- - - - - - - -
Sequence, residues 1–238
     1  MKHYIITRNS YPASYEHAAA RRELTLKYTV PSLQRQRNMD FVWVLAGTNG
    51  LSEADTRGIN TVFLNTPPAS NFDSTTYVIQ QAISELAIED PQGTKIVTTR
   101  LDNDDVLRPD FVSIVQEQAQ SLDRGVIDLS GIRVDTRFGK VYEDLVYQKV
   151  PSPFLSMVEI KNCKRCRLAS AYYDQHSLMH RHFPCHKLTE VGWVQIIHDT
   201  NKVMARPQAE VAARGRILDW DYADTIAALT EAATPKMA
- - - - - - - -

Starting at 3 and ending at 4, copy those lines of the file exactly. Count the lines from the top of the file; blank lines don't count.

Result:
    51  LSEADTRGIN TVFLNTPPAS NFDSTTYVIQ QAISELAIED PQGTKIVTTR
   101  LDNDDVLRPD FVSIVQEQAQ SLDRGVIDLS GIRVDTRFGK VYEDLVYQKV